Clark Wolf is the host and organizer. The panel—on food and politics—includes me, talking about my memoir, Slow Cooked, An Unexpected Life in Food Politics; Chloe Sorvino, author of Raw Deal: Hidden Corruption, Corporate Greed, and the Fight for the Future of Meat; Alex Prud’homme, author of Dinner With The President: Food, Politics and the History of Breaking Bread at the White House; and Tanya Holland, author of Tanya Holland’s California Soul. Free, but register here. It starts at 5:00 p.m. and lasts one hour.
Menu labeling: What’s new?
Today I’m doing a roundup of items about menu labels. Remember them?
The President signed calorie labels into law when he signed the health care act more than three years ago.
The FDA has still not issued rules for them.
Where are they?
The Associated Press tried to find out.
It quotes FDA Commissioner Margaret Hamburg :
There are very, very strong opinions and powerful voices both on the consumer and public health side and on the industry side, and we have worked very hard to sort of figure out what really makes sense and also what is implementable…menu labeling has turned out to be one of the FDA’s most challenging issues.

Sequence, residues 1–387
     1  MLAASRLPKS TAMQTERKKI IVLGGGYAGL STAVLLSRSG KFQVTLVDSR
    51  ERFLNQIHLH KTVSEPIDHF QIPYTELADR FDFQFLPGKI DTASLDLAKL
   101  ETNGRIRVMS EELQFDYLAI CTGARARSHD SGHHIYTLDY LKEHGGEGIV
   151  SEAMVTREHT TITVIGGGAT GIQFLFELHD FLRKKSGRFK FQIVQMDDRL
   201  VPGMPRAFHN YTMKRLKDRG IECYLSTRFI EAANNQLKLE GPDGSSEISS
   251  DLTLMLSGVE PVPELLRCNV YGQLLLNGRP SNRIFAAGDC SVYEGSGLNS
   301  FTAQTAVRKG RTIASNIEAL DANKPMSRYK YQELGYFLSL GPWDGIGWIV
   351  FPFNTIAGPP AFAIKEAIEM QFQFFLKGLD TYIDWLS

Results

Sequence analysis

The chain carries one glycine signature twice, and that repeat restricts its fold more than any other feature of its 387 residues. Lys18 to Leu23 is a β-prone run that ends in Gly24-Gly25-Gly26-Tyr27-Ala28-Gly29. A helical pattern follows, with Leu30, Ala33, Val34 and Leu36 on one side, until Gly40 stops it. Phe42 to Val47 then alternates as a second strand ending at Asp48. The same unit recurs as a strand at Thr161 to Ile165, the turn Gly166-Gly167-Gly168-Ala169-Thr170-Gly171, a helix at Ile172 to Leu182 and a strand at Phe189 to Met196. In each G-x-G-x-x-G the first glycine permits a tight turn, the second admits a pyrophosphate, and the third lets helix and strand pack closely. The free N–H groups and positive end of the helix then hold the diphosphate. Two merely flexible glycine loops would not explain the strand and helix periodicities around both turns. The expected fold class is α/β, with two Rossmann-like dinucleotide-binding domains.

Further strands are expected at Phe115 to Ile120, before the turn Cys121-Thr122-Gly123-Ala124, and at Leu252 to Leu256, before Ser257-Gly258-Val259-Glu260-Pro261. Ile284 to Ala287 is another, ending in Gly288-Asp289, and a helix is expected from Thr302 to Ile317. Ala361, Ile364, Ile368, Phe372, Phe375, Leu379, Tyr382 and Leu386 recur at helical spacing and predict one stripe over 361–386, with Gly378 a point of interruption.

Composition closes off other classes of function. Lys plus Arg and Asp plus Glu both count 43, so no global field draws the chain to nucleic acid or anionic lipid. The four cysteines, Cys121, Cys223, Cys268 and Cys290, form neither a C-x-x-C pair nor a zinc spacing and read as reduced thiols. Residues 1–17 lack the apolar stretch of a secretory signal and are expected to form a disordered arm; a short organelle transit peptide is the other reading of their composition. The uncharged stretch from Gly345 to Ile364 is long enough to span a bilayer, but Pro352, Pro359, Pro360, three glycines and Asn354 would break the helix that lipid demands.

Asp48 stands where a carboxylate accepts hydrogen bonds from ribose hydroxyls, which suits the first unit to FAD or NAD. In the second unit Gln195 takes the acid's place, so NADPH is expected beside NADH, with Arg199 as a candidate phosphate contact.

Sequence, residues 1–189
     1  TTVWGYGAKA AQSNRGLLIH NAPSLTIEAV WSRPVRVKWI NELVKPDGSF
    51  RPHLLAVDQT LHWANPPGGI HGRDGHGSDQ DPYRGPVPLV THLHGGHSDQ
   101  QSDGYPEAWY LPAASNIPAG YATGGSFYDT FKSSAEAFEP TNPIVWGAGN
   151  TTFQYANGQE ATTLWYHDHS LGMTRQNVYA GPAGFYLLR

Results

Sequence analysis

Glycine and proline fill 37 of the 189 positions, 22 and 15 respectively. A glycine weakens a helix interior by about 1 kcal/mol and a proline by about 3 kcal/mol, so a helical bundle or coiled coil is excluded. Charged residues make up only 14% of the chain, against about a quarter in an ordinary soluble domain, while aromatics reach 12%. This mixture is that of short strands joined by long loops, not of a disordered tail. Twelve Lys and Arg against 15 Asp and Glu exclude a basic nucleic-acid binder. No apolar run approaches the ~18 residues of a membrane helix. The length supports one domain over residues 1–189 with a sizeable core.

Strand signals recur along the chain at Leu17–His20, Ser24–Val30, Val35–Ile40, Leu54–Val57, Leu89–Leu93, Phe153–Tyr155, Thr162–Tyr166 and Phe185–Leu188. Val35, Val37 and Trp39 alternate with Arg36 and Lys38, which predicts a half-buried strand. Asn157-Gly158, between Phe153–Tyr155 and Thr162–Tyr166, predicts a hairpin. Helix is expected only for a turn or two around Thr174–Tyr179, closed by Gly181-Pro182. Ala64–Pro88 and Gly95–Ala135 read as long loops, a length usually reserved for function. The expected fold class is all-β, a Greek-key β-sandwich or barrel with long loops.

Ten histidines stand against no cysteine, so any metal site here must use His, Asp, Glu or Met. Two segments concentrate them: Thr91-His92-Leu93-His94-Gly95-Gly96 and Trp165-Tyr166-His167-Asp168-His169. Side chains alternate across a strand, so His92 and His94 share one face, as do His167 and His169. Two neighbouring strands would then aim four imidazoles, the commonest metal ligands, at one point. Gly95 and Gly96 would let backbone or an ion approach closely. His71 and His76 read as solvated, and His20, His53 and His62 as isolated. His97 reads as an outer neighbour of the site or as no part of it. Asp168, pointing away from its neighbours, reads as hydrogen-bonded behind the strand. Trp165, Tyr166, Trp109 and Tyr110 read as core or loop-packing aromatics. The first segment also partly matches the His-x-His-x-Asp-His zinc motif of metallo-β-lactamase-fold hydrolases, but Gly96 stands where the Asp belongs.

Why? The restaurant and food industries don’t like it. They want exemptions for movie theaters, airplanes, bowling alleys and other businesses whose primary business is not to sell food. And alcohol, of course.
And rumors continue that the White House Office of Management and Budget is holding them up.
Will menu labels work?
They certainly work for me.
And it looks like they might work for other people too, especially if accompanied by traffic-light labels indicating calorie levels. Or so says a recent study from Oklahoma State.
Calorie counts most influenced purchases when accompanied by a green light label for foods with less than 400 calories, a yellow label for foods with between 401 and 800 calories, and a red label on those with more than 800 calories.
Are the posted calorie amounts accurate?
With just a few exceptions, they are close enough not to worry about, says Consumer Reports.
Come on, FDA, get the rules out so everybody can have as much fun with these as I do.